The Holistic Learning Center and “Pro-Bono” Work

A Note from Hannah Sundari Sammy (Founder and Tutor, H.L.C.)

This week, I had two experiences which really made me think about “pro-bono” work and volunteering professional services to interested clients. On this topic I’m a bit torn between getting my business off the ground financially and reaching out to clients and assisting those students who are truly interested in improving themselves academically.

As a start-up company, and more dismally so, one revolving around education (which is free in Trinidad and Tobago), I often wonder when it comes to marketing, why would people choose to pay money for HLC’s services, and what will make private tutoring, remedial classes and academic skills training desirable to customerspro-bono-and-community? In answering these questions I decided to include the elements of inclusiveness and flexibility to the Holistic Learning Center’s portfolio.

Individualized sessions, uniquely tailored classes and the convenience of choosing the location, time, number of sessions and even cost per session are elements not present in the traditional school system where students participate in (or passively observe) a “hit-or-miss” type of learning experience. This “one size fits all” mode of operation creates an academic environment where students are prone to falling through the cracks, being left behind and at times pushed along through the “conveyor belt” class system which evidently lacks quality control. Countless times I have encountered students who’s chronological age did not match their mental age, nor their academic stage of development.

In a class of 15 children, I once had an 8 year old student, who had the writing and mathematical reasoning ability of a 4 year old, and a 7 year old who had the cognitive abilities and speed of processing information of a 12 year old. At that point I remember asking myself how exactly is a teacher, without any type of assistant in the classroom supposed to deal with such a large disparity of students, who were placed into the same class at school based solely on their chronological age. I asked the 8 year old how he was had reached to this stage in school and still did not know how to write or read properly. He replied a simple truth, that in class, teachers never had time for him, and that most days he just got frustrated and gave up…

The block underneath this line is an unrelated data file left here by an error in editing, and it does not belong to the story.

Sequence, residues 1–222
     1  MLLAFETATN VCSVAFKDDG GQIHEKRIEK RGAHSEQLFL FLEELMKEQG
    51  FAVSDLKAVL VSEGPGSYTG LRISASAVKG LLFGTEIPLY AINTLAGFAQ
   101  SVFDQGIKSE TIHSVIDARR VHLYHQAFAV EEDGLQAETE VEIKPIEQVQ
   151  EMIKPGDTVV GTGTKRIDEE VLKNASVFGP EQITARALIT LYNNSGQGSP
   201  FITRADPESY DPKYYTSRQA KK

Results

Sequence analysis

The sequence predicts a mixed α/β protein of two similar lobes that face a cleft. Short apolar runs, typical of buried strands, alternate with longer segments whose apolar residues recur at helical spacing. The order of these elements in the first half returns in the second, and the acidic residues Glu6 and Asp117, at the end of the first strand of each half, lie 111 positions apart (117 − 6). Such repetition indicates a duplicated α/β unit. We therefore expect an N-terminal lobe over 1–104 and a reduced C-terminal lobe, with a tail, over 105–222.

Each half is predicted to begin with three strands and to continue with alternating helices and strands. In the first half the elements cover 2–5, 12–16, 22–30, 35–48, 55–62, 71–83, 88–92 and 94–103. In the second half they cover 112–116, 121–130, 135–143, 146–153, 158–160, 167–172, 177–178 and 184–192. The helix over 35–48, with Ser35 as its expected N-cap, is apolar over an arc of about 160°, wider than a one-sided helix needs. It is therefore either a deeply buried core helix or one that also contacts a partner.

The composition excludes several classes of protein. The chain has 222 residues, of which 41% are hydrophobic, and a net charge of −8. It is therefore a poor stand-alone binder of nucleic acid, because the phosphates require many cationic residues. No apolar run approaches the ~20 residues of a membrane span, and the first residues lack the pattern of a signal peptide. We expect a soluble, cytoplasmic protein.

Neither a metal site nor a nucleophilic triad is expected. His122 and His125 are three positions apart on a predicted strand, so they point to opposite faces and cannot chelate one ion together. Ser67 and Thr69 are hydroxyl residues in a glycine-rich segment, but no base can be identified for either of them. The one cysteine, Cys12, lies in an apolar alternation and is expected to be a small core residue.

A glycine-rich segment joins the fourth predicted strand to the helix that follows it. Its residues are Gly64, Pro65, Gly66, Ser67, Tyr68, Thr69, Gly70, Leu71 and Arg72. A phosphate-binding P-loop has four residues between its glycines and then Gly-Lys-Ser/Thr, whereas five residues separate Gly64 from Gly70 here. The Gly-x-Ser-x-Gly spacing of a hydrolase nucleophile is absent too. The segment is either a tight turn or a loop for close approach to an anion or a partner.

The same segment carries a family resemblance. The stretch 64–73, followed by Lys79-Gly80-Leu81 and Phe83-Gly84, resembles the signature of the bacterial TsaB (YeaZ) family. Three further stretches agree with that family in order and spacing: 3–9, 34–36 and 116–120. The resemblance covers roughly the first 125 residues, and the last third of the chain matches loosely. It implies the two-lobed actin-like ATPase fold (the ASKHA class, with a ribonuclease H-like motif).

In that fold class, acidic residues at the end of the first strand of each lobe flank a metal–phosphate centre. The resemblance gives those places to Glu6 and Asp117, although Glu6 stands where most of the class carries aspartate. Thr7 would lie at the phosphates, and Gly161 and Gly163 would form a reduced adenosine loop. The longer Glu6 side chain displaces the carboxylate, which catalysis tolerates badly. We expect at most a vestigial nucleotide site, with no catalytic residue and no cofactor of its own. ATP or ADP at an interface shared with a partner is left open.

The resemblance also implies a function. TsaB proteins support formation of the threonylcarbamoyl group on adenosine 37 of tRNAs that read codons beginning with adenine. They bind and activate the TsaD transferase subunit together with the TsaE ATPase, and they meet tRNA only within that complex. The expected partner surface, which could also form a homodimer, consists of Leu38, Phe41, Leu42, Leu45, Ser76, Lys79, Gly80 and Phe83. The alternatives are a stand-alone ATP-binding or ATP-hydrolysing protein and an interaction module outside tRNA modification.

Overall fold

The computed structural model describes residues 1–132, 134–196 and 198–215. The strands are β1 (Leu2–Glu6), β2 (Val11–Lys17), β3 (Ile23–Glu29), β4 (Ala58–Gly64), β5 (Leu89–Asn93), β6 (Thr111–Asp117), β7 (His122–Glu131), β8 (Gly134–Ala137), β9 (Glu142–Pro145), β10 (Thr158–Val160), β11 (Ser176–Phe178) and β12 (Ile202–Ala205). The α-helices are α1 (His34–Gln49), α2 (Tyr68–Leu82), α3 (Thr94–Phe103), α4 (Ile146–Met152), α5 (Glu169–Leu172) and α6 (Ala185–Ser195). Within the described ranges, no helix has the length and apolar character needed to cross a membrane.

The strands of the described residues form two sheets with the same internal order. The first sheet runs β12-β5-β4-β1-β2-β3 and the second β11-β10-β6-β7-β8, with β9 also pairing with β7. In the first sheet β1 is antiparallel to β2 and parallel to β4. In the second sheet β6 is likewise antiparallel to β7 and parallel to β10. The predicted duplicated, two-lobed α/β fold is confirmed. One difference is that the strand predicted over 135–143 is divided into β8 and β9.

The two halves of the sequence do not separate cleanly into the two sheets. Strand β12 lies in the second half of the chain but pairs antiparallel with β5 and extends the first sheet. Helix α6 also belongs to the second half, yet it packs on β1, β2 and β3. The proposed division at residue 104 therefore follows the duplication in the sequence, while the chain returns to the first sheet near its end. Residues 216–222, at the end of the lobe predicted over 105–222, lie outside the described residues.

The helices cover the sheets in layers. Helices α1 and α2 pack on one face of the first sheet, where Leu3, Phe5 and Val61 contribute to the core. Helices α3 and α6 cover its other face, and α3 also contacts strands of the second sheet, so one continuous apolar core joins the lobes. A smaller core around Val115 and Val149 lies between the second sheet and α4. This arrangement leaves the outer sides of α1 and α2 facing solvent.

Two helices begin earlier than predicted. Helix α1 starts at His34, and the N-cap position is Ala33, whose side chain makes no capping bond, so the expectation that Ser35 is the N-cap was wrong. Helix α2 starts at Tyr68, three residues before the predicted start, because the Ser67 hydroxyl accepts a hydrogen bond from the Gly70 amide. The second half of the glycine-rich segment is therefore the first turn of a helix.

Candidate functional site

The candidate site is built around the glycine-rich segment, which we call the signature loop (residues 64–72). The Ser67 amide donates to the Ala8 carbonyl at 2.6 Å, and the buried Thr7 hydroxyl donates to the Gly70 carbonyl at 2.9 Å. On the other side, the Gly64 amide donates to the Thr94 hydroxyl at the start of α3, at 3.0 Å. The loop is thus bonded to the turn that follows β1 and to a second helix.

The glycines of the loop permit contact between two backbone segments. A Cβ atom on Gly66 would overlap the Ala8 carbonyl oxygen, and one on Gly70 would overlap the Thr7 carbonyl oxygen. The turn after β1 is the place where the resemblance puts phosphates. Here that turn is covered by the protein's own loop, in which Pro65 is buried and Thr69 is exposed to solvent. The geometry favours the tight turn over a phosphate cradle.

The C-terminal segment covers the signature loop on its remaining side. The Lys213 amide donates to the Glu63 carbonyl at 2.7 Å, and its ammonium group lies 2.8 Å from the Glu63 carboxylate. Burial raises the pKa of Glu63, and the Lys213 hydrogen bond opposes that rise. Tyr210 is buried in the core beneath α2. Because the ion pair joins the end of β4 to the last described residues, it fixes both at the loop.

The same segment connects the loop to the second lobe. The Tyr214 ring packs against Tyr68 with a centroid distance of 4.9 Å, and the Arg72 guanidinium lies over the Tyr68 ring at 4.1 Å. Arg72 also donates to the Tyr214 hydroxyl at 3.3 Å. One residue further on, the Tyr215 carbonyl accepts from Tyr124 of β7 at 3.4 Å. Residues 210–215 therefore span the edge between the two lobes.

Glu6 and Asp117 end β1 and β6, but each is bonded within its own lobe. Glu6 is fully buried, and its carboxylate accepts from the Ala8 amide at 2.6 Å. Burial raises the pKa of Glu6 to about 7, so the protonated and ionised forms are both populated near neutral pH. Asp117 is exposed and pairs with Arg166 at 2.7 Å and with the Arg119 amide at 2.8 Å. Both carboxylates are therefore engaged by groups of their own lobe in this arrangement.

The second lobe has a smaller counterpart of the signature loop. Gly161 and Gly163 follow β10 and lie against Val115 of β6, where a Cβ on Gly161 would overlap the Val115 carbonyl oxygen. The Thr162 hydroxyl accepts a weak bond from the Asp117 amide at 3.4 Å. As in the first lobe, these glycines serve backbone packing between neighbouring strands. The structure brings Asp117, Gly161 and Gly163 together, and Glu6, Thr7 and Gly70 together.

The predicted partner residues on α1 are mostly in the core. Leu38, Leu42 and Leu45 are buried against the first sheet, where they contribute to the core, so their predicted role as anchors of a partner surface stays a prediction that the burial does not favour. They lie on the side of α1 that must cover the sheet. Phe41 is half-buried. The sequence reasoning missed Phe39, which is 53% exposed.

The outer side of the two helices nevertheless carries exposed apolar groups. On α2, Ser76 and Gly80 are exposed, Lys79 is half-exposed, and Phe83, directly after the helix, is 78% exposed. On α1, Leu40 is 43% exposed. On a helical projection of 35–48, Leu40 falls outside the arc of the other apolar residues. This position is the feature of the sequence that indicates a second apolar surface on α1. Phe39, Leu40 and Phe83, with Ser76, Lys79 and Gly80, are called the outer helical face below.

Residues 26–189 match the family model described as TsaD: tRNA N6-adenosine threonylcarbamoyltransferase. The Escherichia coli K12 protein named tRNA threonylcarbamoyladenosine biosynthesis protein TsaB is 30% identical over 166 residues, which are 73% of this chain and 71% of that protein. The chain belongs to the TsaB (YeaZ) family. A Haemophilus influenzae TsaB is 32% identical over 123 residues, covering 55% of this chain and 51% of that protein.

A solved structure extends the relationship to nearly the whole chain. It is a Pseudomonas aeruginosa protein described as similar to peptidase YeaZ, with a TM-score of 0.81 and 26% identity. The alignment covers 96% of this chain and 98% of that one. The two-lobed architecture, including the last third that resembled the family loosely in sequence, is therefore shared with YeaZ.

It was experiences like that, as well as my own personal trials in school that really made me question how much of a benefit the traditional school system was. In the same way, these observations pushed me to dream about making the Holistic Learning Center a reality.


This is why, while the Center is a business endeavor for me, I am not sure if at all times it can function like a business, in the truest sense. When I decided to leave my full time job and commit 100% to this dream I had of creating an inclusive and productive learning environment for students I knew that the chances of making a large profit was unlikely. At the very least, I would be able to eat 3 square meals a day, while at most, I’ll be able to truly make an impact in students’ lives and empower them to reach their highest academic potential.

The dilemma of pro bono (for free) vs. pro rata (pay as you go) begins when one considers the latter – what does it take to make an impact in a students’ lives; how far will one go to make that impact. Do you only assist clients who can pay your fee or do you help everyone in need regardless of if they can pay or not? What do I say to a mother who calls about her child needing assistance, who also follows that statement with “I’m sorry I cannot afford your services”…

At the Holistic Learning Center we try to negotiate as much as possible with our clients – hence flexibility. We also try our best to cater to all, impartially, with our underlying mantra being “Making Time for You”. So, when I get a call from a prospective client the first thing I ask is, what can the Holistic Learning Center do for you, tell us what you need from us and let’s see what we can arrange. We always encourage an open dialogue with our clients, especially on “taboo” subjects like the fees attached to sessions. So talk to us, we’re here to help as best we can and we’re growing and understanding new things, the same as you are.


In conclusion yes, we do “pro-bono” and volunteer work and aim to participate in community outreach as much as we can. On the other hand we also charge a standard fee for sessions that clients are free to discuss and negotiate with us. This is just a fraction of what needs to be discussed however, the real matter on our mind is the education our students receive, creating awareness about educational issues and starting a conversation about how the Holistic Learning Center can empower you, through education.

Contact us today to set up a consultation and find out what tutoring options are available for you:

Until next time!



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